This manuscript reports the consensus statements on designing clinical trials in rare ovarian tumours reached at the fifth Ovarian Cancer Consensus Conference (OCCC) held in Tokyo, November 2015. Three important questions were identified concerning rare ovarian tumours (rare epithelial ovarian cancers (eOC), sex-cord stromal tumours (SCST) and germ cell tumours (GCT)): (i) What are the research and trial issues that are unique to rare ovarian tumours? There is a lack of randomised phase III data defining standards of care which makes it difficult to define control arms, but identifies unmet needs that merit investigation. Internationally agreed upon diagnostic criteria, expert pathological review and translational research are crucial. (ii) What should be investigated in rare eOC, GCT and SCST? Trials dedicated to each rare ovarian tumour should be encouraged. Nonetheless, where the question is relevant, rare eOC can be included in eOC trials but with rigorous stratification. Although there is emerging evidence suggesting that rare eOC have different molecular profiles, trials are needed to define new typespecific standards for each rare eOC (clear cell, low grade serous and mucinous). For GCTs, a priority is reducing toxicities from treatment while maintaining cure rates. Both a robust prognostic scoring system and more effective treatments for de novo poor prognosis and relapsed GCTs are needed. For SCSTs, validated prognostic markers as well as alternatives to the current standard of bleomycin/etoposide/cisplatin (BEP) should be identified. (iii) Are randomised trials feasible? Randomised controlled trials (RCT) should be feasible in any of the rare tumours through international collaboration. Ongoing trials have already demonstrated the feasibility of RCT in rare eOC and SCST. Mucinous OC may be considered for inclusion, stratified, into RCTs of nongynaecological mucinous tumours, while RCTs in high risk or relapsed GCT may be carried out as a subset of male and/or paediatric germ cell studies.

Leary, A., Quinn, M., Fujiwara, K., Coleman, R., Kohn, E., Sugiyama, T., et al. (2017). Fifth ovarian cancer consensus conference of the Gynecologic Cancer InterGroup (GCIG): Clinical trial design for rare ovarian tumours. ANNALS OF ONCOLOGY, 28(4), 718-726 [10.1093/annonc/mdw662].

Fifth ovarian cancer consensus conference of the Gynecologic Cancer InterGroup (GCIG): Clinical trial design for rare ovarian tumours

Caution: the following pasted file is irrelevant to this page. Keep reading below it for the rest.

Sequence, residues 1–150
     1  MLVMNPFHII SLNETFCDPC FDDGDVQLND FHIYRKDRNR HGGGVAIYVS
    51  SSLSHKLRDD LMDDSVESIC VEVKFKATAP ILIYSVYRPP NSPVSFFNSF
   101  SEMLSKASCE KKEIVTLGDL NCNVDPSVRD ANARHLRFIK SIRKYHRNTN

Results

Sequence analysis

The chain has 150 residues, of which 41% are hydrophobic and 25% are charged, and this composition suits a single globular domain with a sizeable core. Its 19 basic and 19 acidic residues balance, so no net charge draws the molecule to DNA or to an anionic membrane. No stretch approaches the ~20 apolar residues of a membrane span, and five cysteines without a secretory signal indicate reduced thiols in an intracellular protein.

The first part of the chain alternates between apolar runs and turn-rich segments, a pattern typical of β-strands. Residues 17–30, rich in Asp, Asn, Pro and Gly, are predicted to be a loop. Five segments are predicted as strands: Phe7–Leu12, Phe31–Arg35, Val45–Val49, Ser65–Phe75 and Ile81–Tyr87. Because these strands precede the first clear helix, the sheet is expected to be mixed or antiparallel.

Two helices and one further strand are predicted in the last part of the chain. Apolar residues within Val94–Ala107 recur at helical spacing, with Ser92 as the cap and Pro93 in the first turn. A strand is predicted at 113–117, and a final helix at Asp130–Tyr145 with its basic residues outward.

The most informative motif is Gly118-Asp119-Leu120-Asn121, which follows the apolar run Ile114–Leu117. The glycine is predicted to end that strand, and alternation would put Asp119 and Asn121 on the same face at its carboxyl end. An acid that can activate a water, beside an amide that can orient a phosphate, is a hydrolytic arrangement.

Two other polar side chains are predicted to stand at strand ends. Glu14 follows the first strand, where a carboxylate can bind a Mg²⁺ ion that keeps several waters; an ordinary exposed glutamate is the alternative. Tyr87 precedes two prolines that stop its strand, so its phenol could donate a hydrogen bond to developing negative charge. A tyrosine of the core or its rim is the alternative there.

COLOMBO, NICOLETTA;
2017

Abstract

This manuscript reports the consensus statements on designing clinical trials in rare ovarian tumours reached at the fifth Ovarian Cancer Consensus Conference (OCCC) held in Tokyo, November 2015. Three important questions were identified concerning rare ovarian tumours (rare epithelial ovarian cancers (eOC), sex-cord stromal tumours (SCST) and germ cell tumours (GCT)): (i) What are the research and trial issues that are unique to rare ovarian tumours? There is a lack of randomised phase III data defining standards of care which makes it difficult to define control arms, but identifies unmet needs that merit investigation. Internationally agreed upon diagnostic criteria, expert pathological review and translational research are crucial. (ii) What should be investigated in rare eOC, GCT and SCST? Trials dedicated to each rare ovarian tumour should be encouraged. Nonetheless, where the question is relevant, rare eOC can be included in eOC trials but with rigorous stratification. Although there is emerging evidence suggesting that rare eOC have different molecular profiles, trials are needed to define new typespecific standards for each rare eOC (clear cell, low grade serous and mucinous). For GCTs, a priority is reducing toxicities from treatment while maintaining cure rates. Both a robust prognostic scoring system and more effective treatments for de novo poor prognosis and relapsed GCTs are needed. For SCSTs, validated prognostic markers as well as alternatives to the current standard of bleomycin/etoposide/cisplatin (BEP) should be identified. (iii) Are randomised trials feasible? Randomised controlled trials (RCT) should be feasible in any of the rare tumours through international collaboration. Ongoing trials have already demonstrated the feasibility of RCT in rare eOC and SCST. Mucinous OC may be considered for inclusion, stratified, into RCTs of nongynaecological mucinous tumours, while RCTs in high risk or relapsed GCT may be carried out as a subset of male and/or paediatric germ cell studies.
Articolo in rivista - Articolo scientifico
Clinical trials; Rare ovarian tumours;
clinical trials; rare ovarian tumours
English
718
726
9
Leary, A., Quinn, M., Fujiwara, K., Coleman, R., Kohn, E., Sugiyama, T., et al. (2017). Fifth ovarian cancer consensus conference of the Gynecologic Cancer InterGroup (GCIG): Clinical trial design for rare ovarian tumours. ANNALS OF ONCOLOGY, 28(4), 718-726 [10.1093/annonc/mdw662].
Leary, A; Quinn, M; Fujiwara, K; Coleman, R; Kohn, E; Sugiyama, T; Glasspool, R; Ray Coquard, I; Colombo, N; Bacon, M; Zeimet, A; Westermann, A; Gomez Garcia, E; Provencher, D; Welch, S; Small, W; Millan, D; Okamoto, A; Stuart, G; Ochiai, K
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Utilizza questo identificativo per citare o creare un link a questo documento: https://hdl.handle.net/10281/139500
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